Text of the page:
I’m just back from Berlin after an excellent few days attending the ‘Criminal Law and Emotions’ conference at the Max Planck Centre for the History of Emotions. I presented a paper on the case of Franca Viola, the 17 year old Sicilian woman who was kidnapped by her ex-fiancé in 1966 with the intention of forcing her into marriage, and became the first woman to refuse the so-called reparatory marriage offered to her, forcing her kidnapper and rapist Filippo Melodia to be tried and sentenced for his crimes. I’ve written more about her case here.
The conference itself drew together both historians and legal scholars whose work intersected with emotions and the law, leading to some fascinating interdisciplinary conversations. Quite a few papers drew attention to how emotions were and are expressed in the courtroom, both by defendants, judges and legal teams. Katie Barclay’s paper on masculinity in the 19th century Irish courtroom drew attention to the fact that judges were not always expected to be impassive in court, with tears actually expected from a judge meting out the death sentence in early 19th century Ireland. Both Shira Leitersdorf-Shkedy and Terry Maroney, who spoke about their on-going work with judges in Israel and the US, highlighted however that much still has to be done to persuade the contemporary judiciary to move past the ideal of impartiality and to acknowledge the role of their own emotions in the courtroom. In general the conference highlighted the importance of the courtroom as a physical space – which was of course not static but changing considerably over time – in which emotions might be experienced and performed.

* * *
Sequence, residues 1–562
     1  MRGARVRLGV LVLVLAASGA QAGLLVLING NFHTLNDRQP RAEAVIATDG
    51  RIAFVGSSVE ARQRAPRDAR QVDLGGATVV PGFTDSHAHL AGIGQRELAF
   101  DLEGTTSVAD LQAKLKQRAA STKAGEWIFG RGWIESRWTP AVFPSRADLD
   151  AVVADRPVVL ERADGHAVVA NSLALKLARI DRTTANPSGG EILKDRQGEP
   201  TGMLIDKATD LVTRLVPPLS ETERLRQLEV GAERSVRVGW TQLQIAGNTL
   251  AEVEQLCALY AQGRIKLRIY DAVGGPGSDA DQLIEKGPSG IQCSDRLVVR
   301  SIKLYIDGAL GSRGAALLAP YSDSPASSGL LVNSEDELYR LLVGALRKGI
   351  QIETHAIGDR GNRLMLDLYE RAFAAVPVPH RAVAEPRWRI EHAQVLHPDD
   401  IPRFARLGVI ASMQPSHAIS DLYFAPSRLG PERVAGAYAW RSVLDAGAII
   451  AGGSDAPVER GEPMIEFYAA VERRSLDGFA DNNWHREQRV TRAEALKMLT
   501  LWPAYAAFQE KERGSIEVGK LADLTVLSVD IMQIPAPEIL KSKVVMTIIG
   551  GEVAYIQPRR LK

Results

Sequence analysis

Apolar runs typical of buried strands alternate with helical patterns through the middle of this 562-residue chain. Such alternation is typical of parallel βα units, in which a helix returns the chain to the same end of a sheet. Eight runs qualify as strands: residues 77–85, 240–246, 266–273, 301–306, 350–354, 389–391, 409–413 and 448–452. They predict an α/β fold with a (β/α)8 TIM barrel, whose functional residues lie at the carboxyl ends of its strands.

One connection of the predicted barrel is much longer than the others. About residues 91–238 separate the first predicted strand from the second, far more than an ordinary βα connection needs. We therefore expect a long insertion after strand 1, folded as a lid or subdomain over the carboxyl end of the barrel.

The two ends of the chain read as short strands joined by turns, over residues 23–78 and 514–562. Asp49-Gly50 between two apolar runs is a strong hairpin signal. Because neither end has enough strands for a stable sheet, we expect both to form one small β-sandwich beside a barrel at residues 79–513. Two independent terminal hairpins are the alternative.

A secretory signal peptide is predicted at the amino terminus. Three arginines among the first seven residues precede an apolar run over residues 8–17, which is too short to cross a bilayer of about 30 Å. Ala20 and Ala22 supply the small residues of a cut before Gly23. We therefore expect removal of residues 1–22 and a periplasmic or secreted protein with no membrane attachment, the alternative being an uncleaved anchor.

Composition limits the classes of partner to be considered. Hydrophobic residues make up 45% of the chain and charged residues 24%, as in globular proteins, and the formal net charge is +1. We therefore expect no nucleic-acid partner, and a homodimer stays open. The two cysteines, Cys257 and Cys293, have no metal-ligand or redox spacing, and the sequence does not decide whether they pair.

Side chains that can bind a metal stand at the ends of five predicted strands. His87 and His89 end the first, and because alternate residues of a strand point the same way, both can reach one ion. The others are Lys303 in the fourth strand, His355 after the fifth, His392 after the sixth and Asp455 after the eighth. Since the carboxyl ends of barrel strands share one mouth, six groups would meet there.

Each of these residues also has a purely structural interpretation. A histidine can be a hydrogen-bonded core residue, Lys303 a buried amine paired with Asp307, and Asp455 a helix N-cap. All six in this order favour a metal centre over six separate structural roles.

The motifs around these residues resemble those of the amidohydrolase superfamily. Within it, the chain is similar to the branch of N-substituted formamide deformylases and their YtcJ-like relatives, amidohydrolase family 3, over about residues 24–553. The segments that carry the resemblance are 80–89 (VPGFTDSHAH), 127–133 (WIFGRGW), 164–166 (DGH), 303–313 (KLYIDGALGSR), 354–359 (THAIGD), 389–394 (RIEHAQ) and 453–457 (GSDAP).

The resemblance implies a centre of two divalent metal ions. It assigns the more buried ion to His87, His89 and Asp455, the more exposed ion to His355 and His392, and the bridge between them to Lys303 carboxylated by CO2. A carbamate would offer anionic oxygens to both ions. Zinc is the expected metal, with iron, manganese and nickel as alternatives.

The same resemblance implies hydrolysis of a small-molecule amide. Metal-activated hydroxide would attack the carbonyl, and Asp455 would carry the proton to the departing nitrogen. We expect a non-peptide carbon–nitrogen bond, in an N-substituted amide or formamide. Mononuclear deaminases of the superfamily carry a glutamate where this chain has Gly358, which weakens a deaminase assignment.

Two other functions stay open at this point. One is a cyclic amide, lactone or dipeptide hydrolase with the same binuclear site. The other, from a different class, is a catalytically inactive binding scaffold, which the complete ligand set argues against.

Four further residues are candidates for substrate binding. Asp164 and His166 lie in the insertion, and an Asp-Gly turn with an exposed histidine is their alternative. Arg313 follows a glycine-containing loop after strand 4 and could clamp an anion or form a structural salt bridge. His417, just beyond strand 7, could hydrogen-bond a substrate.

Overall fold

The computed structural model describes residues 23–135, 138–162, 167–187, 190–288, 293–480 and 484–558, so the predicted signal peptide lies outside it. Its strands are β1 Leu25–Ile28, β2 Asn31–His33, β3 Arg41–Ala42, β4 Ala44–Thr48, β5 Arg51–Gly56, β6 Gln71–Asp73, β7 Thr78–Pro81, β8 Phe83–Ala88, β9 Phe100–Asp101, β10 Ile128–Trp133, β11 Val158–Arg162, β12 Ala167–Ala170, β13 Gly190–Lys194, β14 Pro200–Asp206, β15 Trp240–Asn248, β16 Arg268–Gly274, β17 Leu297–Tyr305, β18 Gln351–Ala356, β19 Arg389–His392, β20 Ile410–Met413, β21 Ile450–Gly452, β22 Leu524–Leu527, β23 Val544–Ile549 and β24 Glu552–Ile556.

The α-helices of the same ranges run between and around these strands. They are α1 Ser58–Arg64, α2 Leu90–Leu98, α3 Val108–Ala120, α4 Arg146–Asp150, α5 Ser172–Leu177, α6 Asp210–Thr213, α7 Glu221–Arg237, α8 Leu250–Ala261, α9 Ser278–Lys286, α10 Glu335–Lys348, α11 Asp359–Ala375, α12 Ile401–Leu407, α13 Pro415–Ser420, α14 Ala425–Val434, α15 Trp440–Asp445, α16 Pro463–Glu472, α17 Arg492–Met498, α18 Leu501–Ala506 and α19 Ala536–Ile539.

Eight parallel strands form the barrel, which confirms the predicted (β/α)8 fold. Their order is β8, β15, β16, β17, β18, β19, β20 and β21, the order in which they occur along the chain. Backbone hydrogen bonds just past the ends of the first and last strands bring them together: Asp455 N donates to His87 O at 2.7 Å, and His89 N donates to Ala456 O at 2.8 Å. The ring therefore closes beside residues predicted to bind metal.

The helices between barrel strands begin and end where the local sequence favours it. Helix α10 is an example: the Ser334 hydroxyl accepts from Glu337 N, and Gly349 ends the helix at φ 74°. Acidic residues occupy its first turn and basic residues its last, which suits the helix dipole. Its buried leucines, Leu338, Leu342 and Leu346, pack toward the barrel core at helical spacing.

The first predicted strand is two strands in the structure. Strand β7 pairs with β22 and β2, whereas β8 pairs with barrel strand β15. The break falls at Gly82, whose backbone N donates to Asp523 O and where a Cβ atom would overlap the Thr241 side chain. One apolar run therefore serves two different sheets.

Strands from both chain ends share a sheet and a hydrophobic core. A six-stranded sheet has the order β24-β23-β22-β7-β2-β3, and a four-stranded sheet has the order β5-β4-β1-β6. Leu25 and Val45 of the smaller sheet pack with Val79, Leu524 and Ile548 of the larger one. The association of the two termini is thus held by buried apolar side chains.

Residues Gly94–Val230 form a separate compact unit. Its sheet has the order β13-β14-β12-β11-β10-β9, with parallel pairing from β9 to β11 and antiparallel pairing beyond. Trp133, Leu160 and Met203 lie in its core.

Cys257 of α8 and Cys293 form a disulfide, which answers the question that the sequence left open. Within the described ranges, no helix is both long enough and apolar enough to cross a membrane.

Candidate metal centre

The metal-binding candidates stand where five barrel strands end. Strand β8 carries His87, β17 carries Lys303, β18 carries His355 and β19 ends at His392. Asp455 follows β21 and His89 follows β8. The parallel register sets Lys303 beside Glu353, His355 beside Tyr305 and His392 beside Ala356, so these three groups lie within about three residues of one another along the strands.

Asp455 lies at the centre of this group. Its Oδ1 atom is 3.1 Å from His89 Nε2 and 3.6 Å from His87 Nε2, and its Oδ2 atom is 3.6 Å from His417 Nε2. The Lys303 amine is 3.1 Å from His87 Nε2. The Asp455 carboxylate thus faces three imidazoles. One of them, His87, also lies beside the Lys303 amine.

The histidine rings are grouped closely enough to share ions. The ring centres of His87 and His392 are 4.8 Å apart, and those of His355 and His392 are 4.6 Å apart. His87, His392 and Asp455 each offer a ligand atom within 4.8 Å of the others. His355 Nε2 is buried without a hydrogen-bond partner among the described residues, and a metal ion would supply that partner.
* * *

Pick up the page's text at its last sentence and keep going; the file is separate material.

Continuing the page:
Other papers focused on different confined spaces, and on the petty conflicts and emotional displays they might provoke, often ending in some time in court. Camilla Schjerning examined tight urban spaces in 18th century Copenhagen, and the petty quarrels between neighbours and families that often spilled over into violent exchanges, while Alllyson Creasman explored the crowded spaces of early modern German cities. In both papers, anger and honour were the key emotions and it was interesting to see how both intersected with the law. In such crowded living spaces, the body was crucial and there was a fine balance between appropriate and excessive displays of emotion – pride, honour, anger – and violence. Since honour is crucial to my own work, it was interesting to see how the concept was played out in different time periods and contexts, and how deeply connected it always was to other emotions such as pride and anger. Although not exclusively bound up with women’s sexuality as it was in the context of the Viola case, the link with masculinity and pride was constant.
In all, my few days in Berlin have given me a lot to think about, whether it is how emotions are performed in physical spaces – both within and outside the courtroom – the role of the emotions in the work of legal professionals as well as defendants, or my own need to develop a much broader understanding of honour in the context of the law.